The Transitive Nightfall of Diamonds:
On the Recent Drawings of Lisa Neighbour By Jennifer McMackon
I twist open the lid of a small specimen tin given to me as a souvenir by Lisa Neighbour at the end of a recent visit to her studio. Spilling its contents onto my notes from that day, fifteen tiny, pale green shards of automative glass tumble out like runes. Observing where they fall, I let them rest among the scrawl of my words and doodles on the lined paper. The irregular, pebbly bits lend a changeable topography to my thoughts as recorded there. With the tip of my forefinger I separate them out from each other, herd a few of them inside a thought bubble, punctuate some key phrases with others. Then I gather them up in my fist and toss them again.
A meditation such as this connotes the use of a peculiar ouija board capable of generating visual compositions in addition to the voices of spirits. I am unsure what I wish to divine but I persist. Though I donʼt have a clear question, I become immersed in an emergent cycle of pattern and image as I continue to animate the glass. I find myself recalling a motorcycle accident at the end of our childhood cul de sac.The details donʼt matter. It was horrific for those involved. What I remember distinctly was my view of what came afterwards. A few policemen were placing orange pylons here and there along the road. Another was swishing glass with a broom. It was so hot that day there were vapours of steam emanating from the pavement. I remember at times the men seemed to disappear behind the wisps of steam and the road flashed oily as tar in the sun. I could hear voices but not words. Suddenly, Iʼm struck by the depth of my engagement, in this quiet reverie. Iʼm murmuring a little song to myself and I have just the vaguest sense of the lyrics. What is it? The lyrics formulate but without a recognizable tune…shall we go you and I while we can, through the transitive nightfall of diamonds? Iʼm at home alone, under the light of the computer, lost in a game of sparkly car crash dust.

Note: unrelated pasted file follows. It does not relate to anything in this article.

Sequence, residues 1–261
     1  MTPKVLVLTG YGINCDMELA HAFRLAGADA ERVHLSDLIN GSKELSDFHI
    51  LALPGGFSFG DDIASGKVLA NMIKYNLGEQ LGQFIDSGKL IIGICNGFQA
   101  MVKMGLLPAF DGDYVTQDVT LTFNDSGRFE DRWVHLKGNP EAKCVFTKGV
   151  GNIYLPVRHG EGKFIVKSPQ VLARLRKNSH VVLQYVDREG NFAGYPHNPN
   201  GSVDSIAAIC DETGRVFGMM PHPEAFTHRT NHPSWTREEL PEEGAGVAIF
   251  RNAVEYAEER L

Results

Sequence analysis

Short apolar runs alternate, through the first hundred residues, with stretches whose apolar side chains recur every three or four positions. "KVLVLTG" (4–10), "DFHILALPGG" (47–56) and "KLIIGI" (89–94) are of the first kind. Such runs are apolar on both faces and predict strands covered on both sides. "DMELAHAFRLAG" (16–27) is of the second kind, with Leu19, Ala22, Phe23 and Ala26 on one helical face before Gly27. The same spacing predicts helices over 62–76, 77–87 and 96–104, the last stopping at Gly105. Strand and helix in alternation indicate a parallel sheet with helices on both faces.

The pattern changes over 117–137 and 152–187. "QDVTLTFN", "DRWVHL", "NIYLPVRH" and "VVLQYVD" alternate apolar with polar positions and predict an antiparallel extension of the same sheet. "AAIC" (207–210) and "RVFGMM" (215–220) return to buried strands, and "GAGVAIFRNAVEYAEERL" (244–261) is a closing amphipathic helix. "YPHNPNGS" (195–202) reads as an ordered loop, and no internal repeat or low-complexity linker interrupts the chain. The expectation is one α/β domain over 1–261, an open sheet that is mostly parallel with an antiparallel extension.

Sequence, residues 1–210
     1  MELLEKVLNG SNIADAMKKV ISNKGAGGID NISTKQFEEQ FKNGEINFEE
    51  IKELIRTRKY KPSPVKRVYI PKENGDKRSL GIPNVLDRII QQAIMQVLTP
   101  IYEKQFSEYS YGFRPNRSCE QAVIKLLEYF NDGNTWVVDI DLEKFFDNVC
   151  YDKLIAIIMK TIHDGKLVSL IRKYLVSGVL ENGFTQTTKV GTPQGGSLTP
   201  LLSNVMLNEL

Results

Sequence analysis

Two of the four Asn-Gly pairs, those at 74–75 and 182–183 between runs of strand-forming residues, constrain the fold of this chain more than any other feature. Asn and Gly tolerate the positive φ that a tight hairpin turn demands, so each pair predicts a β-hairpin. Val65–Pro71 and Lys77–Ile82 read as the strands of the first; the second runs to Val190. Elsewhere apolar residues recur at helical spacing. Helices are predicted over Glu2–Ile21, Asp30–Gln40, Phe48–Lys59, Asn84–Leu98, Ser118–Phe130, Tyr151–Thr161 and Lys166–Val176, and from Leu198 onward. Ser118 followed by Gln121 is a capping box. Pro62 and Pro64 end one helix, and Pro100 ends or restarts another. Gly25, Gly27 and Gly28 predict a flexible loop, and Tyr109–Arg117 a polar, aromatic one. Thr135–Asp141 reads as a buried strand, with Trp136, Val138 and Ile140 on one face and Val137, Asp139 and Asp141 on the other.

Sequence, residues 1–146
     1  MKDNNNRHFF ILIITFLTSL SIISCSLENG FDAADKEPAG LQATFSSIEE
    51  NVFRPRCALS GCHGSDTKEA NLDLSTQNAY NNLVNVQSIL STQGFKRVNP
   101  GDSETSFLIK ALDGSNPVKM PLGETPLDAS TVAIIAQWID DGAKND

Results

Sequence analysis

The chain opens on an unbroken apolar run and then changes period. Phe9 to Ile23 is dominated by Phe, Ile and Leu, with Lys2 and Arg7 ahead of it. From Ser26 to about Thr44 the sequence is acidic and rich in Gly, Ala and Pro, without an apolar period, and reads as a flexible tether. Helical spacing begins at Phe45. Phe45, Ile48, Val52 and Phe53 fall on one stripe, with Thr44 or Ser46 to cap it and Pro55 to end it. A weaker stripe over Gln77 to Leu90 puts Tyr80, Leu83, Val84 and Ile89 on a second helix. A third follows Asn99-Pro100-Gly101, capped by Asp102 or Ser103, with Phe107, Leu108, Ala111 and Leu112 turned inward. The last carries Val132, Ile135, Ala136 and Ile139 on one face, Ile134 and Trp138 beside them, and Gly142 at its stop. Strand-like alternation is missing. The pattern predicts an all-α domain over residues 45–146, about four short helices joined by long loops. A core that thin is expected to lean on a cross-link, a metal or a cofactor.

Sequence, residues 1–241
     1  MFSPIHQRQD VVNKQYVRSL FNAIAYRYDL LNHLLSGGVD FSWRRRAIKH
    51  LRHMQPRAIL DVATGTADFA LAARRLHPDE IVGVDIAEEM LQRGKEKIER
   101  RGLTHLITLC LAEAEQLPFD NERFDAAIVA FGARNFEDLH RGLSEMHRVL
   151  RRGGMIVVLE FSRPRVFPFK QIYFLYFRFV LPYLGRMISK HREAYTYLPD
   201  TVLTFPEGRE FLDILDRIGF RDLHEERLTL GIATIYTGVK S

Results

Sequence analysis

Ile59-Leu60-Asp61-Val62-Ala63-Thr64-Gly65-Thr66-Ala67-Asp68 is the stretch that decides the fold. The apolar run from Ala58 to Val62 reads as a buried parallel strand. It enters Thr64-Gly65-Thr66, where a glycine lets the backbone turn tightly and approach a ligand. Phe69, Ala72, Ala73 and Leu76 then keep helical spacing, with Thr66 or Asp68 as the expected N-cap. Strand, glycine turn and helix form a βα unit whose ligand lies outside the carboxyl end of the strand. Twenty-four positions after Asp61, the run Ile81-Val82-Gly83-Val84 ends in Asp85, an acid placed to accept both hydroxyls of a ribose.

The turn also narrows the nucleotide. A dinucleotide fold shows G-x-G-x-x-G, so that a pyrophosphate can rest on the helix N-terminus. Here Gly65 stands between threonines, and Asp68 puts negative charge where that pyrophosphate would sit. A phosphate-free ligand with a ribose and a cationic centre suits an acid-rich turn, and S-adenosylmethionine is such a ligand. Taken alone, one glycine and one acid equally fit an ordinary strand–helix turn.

Ironically, these skittering little curbside gemstones, were born of a noise that was likely rather a lot louder than the sound they make as I push them around the surface of my papers. Implicit in their very geophysical existence is at least the bump of misadventure or worse, a catastrophic kaboom.
The traffic rear-enders, deflated dirigibles and shipwrecks depicted in Neighbourʼs fledgling series of drawings and screen prints called Smithereens are also post kaboom — sharing a certain distance from the bombast of trauma with their namesake. There are plenty of art historical reverberations too. Consider the booming, speeding, manifestos of Dada and the Futurists. I find myself thinking of Warholʼs images of fatal car accidents and Vija Celminʼs television and disaster paintings. There may even be something a little R. Crumb about these works too, if I think about it — something a little car crash in Peoria. Except wherever Neighbourʼs drawings may be set, itʼs nowhere near discernable as Peoria.